Tuesday, December 25, 2012

Tricoastal Holiday Fun and Nostalgia

  The name of this blog reflects my and my family's love of the Atlantic, Pacific and Great Lakes coasts.  On Christmas Eve, all these coasts came together in Pasadena's branch of  Cost Plus World Market, a retail chain that is part Pier One Imports, part Trader Joe's and part "je ne sais quoi." 
  We had a delightful Christmas Eve morning at the store, looking at: housewares and glassware from places such as India, Tunisia and Portugal; chocolates from Canada; wines from California and Italy; and an excellent series of dog cards not found in the malls. 
  Although all of this food, drink and merchanidise are incredibly fun and wonderful, Pasadena World Market often hits the highest numbers on the eclecto-meter with its beer selection.  In September, they had a pumpkin beer made in western New York that had a connection to the Buffalo Bills, the only real New York football team - - which is destined for Super Bowl glory.
  Yesterday, the store hit another high on the beer ecleto-meter.  World Market now offers its customers the chance to assemble a six pack from a great assortment of imported beers and micro-brews. 
  Their inventory includes Genesee Cream Ale, in the short, iconic brown bottles that the Rochester, New York beer company used in the 1960's and 1970's. 
  Genesee was a strong regional beer brand.  At one point, it had a series of witty commercials that were narrated by the late Fred Gwynne.  Then it dropped out of sight.
  Now, Genesee is back.  I do not know how it will do with a new generation of beer drinkers and a new market on the West Coast, but seeing it in the World Market was a pleasant reminder of past travels. 
  My father took me on a college trip to Syracuse in April, 1972.  While we were stranded in a rural motel, waiting out a spring blizzard, we saw these television commercials with upstate expatriates in places such as Oregon, and ending with the comment, "I miss my Genny."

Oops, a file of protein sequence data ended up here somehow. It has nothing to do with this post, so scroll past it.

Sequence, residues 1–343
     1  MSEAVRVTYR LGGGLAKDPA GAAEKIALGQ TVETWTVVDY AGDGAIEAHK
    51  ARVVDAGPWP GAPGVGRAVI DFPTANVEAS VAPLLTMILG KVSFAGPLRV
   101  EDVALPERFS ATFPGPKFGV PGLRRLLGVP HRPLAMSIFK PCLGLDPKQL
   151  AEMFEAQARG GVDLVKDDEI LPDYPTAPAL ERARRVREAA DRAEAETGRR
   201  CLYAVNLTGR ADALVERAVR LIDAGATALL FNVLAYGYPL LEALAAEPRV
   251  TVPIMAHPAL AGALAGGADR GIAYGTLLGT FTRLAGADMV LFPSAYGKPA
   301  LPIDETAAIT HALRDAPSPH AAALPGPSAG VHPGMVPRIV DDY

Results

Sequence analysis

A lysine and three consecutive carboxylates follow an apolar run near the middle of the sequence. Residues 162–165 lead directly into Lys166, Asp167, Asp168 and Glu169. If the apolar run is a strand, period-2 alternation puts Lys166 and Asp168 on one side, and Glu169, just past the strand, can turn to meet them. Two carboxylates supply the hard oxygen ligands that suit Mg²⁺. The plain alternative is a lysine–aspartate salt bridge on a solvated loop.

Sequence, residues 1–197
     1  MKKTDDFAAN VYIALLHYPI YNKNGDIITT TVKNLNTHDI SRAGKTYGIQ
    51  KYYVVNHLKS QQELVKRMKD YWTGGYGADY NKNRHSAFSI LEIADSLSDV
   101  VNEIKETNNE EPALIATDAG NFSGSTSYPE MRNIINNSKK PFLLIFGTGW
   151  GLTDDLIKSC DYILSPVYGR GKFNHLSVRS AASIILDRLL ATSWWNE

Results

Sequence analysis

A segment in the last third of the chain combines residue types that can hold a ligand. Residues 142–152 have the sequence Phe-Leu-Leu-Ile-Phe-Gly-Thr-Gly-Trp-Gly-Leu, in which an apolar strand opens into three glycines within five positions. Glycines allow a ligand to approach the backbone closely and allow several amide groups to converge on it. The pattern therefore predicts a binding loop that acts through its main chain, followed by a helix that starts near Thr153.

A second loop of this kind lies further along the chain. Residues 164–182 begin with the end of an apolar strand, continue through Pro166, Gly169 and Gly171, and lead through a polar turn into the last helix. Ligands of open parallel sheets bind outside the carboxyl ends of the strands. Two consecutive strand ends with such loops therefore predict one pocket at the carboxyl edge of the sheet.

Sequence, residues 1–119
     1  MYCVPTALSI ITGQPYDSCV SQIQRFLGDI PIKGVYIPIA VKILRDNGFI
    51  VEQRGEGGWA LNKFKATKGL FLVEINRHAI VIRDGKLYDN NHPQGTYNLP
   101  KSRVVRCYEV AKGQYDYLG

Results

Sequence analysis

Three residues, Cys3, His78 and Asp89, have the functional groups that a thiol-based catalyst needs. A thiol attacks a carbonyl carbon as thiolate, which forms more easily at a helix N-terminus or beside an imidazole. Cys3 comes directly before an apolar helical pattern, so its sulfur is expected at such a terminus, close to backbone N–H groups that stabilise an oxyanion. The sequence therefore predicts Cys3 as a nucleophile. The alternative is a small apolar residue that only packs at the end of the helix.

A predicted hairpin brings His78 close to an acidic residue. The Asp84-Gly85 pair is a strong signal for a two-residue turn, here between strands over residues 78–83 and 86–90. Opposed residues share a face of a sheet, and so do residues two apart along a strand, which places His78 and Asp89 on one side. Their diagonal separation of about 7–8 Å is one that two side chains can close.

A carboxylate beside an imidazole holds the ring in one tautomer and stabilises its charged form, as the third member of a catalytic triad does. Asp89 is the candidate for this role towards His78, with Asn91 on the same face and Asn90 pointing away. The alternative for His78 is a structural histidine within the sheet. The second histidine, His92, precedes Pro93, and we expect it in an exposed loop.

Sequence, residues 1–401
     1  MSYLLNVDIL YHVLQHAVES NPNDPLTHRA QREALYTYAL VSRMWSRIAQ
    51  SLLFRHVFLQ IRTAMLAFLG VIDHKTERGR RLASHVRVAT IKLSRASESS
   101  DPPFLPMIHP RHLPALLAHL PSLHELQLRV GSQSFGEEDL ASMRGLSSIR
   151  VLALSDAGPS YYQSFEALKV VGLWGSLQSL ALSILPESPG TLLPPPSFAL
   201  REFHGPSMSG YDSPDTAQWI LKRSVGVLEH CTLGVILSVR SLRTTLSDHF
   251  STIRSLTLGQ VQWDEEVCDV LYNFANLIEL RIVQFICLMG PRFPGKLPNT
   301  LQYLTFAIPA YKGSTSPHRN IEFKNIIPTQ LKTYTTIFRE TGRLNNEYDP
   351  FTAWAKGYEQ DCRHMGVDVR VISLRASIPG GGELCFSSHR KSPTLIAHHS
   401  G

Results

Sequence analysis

On one fishing trip to the Delaware River in the Catskills, my friend Bryce Butler and I fished this trout stream on a humid summer night.  Afterward, we found a restaurant open late in Hancock, New York that had organic cheeseburgers, before the concept was fashionable.  We had Genesee beer in long neck bottles with these excellent burgers.  The beer's taste and coldness made it one of the best beers I have ever had.
  Some years earlier, on a trip along the Great Lakes, I came to Sodus Bay, in Wayne County east of Rochester.  The Bay had a large building and dock complex which was Genesee's malt house.  At the mouth of the Bay was two long, sturdy breakwaters and a lighthouse. 
  While Sodus Bay was more neglected and used for recreation when I visited it, it was amazing to see that this place was once a major Great Lakes port.  In my mind, I could hear the sounds of railroad locomotives and cars banging in the yard and the sounds of ship whistles and horns in the bay.
  Genesee Beer is hardly one of those far madeleines that inspired Proust's personal associations that made him a best seller and staple in literature classes.  But seeing Genesee in the World Market this week was a surprise gift.  It reminded me of friends, family and travel in the past, present and future.

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